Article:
Hillary Clinton's campaign van (aka the 'Scooby' van) in which she has been traveling covertly across country arrived in Iowa this afternoon for a roundtable campaign event, and needless to say, reporters were eager to catch a glimpse of the candidate.
Watch, AFTER THE JUMP...
U.S. Senator and GOP presidential candidate Ted Cruz claims gay-rights advocates are waging a "jihad" against religious freedom, but it's Cruz who may be on a political suicide mission against same-sex marriage.
Right Wing Watch reports on Cruz's latest remarks in Iowa on Thursday:
Cruz, speaking at a panel moderated by conservative talk show host Steve Deace, who regularly castigates the “Rainbow Jihad,” told the crowd of homeschooling activists that they should fear “the jihad that is being waged right now in Indiana and Arkansas, going after people of faith who respect the biblical teaching that marriage is the union of one man and one woman.”
By condemning this gay “jihad,” Cruz said, he could “bring people together” to defend religious freedom.
Before he opens his mouth again, Cruz may want to look up the origin of the Arabic word "jihad" — which actually referred to an effort to practice religion in the face of oppression and persecution.
Nowadays, of course, "jihad" has become synonymous with "holy war." But if there's anyone waging a holy war, it's Cruz himself.
Since announcing his candidacy last month at Liberty University, Cruz has embarked on an anti-gay rampage as he attempts to nail down evangelical Christian support in early voting states like Iowa and South Carolina.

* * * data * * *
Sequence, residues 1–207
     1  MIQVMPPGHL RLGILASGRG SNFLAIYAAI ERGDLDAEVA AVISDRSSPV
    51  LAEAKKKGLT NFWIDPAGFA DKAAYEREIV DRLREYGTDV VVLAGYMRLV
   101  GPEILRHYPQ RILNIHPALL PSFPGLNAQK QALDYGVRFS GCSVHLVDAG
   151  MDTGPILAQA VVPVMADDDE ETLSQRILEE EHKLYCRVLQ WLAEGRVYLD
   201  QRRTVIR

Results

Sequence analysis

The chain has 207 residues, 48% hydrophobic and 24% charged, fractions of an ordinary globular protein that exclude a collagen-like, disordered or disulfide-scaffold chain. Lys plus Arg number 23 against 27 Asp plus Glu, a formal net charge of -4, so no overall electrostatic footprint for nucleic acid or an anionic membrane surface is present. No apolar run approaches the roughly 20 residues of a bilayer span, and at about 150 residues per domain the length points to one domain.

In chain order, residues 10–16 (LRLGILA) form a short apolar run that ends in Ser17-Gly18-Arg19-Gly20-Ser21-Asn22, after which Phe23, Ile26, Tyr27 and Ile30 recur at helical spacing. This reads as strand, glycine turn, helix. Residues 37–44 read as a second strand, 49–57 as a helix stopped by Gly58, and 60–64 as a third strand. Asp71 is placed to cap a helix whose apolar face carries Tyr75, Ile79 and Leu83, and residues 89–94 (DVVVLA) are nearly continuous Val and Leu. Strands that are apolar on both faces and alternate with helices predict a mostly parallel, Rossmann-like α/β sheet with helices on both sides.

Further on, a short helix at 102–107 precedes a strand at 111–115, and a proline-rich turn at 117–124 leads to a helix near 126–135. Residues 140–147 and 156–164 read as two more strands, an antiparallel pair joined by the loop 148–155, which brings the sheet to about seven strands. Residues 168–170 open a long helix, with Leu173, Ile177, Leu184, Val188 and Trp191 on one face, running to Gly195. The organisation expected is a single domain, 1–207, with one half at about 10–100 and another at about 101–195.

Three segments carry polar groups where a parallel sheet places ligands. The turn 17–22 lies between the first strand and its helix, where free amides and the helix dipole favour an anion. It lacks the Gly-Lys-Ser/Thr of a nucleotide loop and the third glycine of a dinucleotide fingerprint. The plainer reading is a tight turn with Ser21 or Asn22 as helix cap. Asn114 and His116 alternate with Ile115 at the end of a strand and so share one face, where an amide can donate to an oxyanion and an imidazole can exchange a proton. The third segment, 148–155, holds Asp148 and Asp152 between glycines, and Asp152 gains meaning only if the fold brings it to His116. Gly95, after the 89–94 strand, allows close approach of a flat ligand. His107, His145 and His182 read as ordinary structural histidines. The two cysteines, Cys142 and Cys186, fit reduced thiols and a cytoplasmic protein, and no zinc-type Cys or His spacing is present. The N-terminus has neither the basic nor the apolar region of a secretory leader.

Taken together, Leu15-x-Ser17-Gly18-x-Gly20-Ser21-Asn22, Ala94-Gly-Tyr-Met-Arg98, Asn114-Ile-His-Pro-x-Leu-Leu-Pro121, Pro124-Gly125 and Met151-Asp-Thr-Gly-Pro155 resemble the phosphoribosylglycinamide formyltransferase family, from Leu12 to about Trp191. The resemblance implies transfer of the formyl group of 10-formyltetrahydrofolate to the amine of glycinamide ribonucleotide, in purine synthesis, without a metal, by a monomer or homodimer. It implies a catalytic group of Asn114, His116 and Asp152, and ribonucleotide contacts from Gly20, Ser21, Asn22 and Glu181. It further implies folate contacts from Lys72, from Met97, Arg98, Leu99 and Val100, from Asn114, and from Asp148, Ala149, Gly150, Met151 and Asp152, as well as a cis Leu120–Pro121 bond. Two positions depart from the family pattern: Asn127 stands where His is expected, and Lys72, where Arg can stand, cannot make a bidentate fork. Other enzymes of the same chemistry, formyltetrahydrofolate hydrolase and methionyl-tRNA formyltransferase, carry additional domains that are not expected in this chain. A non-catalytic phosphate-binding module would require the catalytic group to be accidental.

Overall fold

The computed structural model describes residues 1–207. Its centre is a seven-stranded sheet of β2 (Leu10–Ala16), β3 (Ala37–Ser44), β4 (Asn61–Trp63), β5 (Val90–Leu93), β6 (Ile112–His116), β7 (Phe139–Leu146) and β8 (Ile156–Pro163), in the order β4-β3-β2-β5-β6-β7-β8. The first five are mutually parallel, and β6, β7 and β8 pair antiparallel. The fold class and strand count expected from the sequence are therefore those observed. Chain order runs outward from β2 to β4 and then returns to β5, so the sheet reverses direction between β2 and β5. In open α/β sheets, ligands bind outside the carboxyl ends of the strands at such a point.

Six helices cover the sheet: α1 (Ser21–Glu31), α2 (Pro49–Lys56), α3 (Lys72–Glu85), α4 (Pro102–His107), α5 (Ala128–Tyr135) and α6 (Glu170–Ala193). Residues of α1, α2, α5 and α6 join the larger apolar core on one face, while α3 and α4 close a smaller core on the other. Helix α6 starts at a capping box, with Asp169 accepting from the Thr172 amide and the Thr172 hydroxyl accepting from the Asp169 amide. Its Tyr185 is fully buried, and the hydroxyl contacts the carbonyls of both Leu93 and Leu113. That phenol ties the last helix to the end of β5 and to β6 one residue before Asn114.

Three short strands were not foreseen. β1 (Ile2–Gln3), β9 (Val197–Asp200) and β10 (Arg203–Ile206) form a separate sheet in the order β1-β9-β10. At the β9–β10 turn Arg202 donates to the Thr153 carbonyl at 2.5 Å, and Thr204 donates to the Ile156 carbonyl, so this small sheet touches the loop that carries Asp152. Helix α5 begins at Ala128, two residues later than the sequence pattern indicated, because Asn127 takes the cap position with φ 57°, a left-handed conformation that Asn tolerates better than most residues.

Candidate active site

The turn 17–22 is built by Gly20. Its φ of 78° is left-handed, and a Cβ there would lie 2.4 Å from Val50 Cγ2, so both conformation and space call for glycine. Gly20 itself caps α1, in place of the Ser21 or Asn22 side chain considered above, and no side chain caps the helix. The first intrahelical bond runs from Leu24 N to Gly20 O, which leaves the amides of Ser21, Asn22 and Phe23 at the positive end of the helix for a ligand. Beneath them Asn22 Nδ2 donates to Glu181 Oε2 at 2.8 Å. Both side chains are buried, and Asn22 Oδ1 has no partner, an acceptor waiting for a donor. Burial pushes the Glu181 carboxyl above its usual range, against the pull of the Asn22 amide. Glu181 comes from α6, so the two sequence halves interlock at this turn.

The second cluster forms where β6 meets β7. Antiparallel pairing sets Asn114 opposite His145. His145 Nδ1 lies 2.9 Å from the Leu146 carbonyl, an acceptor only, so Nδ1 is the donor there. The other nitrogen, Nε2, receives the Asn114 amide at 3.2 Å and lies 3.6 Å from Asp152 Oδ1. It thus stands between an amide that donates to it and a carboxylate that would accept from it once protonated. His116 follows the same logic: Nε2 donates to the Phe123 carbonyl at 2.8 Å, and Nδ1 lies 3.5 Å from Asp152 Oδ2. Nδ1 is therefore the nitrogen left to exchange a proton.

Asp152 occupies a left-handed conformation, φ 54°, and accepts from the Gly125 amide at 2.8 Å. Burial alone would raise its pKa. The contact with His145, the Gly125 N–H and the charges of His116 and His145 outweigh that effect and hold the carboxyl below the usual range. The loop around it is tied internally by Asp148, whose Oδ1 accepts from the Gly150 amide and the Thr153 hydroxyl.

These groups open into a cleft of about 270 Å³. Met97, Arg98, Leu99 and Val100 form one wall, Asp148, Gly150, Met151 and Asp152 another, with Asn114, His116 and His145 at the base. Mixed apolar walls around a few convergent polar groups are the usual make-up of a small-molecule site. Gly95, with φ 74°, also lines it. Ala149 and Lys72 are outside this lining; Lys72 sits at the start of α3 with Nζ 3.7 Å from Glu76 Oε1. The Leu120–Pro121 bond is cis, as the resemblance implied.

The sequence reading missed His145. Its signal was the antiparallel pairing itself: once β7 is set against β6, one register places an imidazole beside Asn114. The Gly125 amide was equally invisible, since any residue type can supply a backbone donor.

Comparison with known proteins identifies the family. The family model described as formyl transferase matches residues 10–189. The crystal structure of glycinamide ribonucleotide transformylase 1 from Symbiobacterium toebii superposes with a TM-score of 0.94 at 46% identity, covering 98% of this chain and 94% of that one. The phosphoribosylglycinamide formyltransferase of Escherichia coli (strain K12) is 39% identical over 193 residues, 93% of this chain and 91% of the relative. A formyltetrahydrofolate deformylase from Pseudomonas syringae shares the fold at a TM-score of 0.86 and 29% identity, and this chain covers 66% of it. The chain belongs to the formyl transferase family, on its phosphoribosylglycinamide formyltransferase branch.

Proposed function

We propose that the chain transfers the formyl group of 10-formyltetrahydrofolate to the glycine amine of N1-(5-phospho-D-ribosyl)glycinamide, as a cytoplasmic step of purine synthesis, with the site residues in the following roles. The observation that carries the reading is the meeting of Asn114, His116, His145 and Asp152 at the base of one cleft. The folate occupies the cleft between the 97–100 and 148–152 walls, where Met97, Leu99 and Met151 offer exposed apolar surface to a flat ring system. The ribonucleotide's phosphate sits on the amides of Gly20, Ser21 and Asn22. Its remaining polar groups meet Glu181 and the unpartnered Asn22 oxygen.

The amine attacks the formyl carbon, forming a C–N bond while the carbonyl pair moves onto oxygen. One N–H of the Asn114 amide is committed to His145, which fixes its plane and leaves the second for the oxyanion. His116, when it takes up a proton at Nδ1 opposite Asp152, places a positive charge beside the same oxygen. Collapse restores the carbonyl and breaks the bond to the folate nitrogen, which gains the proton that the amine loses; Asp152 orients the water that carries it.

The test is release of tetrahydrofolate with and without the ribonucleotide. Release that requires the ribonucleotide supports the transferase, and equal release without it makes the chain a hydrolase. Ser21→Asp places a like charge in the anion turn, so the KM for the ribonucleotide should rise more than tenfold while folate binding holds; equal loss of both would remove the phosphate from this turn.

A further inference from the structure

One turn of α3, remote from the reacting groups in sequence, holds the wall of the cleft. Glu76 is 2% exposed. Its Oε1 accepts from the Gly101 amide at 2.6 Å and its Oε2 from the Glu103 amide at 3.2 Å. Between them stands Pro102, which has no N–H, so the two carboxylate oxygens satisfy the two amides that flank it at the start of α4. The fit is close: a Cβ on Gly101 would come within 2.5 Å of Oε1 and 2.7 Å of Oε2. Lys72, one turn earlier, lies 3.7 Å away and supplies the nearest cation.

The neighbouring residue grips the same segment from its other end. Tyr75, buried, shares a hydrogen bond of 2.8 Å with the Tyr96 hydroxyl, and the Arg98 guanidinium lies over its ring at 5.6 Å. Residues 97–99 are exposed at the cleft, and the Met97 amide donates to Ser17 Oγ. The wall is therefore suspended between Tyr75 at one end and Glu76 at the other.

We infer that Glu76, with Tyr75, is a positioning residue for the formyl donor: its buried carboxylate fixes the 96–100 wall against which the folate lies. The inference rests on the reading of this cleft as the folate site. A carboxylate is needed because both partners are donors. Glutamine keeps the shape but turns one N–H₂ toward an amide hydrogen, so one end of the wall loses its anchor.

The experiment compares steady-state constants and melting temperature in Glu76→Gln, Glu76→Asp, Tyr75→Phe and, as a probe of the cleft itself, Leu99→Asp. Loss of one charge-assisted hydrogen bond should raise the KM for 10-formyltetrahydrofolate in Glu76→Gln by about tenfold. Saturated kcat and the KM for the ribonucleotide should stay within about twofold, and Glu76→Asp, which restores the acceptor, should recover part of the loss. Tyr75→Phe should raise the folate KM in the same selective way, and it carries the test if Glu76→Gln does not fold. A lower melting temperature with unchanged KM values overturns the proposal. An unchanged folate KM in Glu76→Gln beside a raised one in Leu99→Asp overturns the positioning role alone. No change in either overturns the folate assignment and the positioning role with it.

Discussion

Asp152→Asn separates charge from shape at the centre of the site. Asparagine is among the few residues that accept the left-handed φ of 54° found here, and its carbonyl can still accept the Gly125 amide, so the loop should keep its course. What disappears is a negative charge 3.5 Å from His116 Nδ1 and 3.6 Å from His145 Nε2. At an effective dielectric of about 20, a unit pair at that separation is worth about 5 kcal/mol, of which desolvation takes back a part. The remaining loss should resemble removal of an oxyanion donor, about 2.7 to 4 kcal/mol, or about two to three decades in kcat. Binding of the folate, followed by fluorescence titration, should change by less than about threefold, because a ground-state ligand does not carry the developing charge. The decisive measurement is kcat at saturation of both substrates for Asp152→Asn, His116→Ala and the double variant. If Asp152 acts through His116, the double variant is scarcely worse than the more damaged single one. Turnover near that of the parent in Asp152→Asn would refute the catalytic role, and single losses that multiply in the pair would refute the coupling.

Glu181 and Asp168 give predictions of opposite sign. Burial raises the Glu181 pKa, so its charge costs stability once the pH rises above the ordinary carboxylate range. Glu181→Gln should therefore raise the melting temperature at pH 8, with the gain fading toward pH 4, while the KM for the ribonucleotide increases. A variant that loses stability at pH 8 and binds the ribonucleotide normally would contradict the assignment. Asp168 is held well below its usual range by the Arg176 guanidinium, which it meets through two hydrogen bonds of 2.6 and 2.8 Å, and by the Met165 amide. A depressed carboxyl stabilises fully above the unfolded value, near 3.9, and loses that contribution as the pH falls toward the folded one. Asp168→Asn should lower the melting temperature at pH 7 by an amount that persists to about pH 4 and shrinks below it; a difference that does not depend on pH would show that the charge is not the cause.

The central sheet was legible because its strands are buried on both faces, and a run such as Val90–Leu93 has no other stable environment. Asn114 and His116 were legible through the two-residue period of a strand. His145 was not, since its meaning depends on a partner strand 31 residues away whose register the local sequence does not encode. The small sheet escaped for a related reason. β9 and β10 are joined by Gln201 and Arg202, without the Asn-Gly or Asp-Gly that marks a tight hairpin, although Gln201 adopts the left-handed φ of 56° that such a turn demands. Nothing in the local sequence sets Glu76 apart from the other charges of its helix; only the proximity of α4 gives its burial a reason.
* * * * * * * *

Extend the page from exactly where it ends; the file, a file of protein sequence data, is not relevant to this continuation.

Last week in Iowa, Cruz said a U.S. Supreme Court ruling in favor of marriage equality would be "fundamentally illegitimate," and vowed to respond by trying to strip justices of their jurisdiction over the issue. From The Dallas Morning News:
“Every one of us is concerned about the Supreme Court’s gay marriage decision likely coming in June,” he said. “The first thing and I think the most important thing every one of us can do, is pray. Lift up in prayer. ...
“If the court tries to do this it will be rampant judicial activism. It will be lawlessness, it will be fundamentally illegitimate,” he said.
Earlier this week, Cruz joined five other Republican senators and 53 GOP representatives in filing a brief against same-sex marriage at the Supreme Court. But as The Houston Chronicle reports, while Cruz's strategy may play well in states like Iowa and South Carolina, it could ultimately doom his campaign:
Cruz has aimed squarely at religious conservatives in his quest to be president, but a raft of polls suggests that he and other evangelical candidates could be mining a shrinking older demographic that remains morally opposed to gay marriage. ...
Although the Cruz strategy could pay dividends in Iowa, some say the Hawkeye State has a poor record of boosting eventual GOP nominees.
"Do you see a President Pat Buchanan?" said former Secretary of State James A. Baker III, an adviser to GOP hopeful Jeb Bush. "Do you see a President Rick Santorum? Do you see a President Pat Robertson?"
Watch video of Cruz's remarks about the gay "jihad" and the Supreme Court's marriage ruling, AFTER THE JUMP ...
Eric Reece Wiethorn (right), a 49-year-old man from Ames, Iowa was arrested for first-degree harassment for a letter he sent to Blazing Saddle, a gay bar in Des Moines, Iowa containing a death threat and a white powder that Wiethorn had said was the deadly poison "anthrax" but turned out to be Gold Bond Medicated Powder.
Fire, police, and hazmat crews were called to the scene.
Wiethorn, who was arrested on an anonymous tip and admitted to the crime, is being held at the Polk County Jail on $2,000 bond.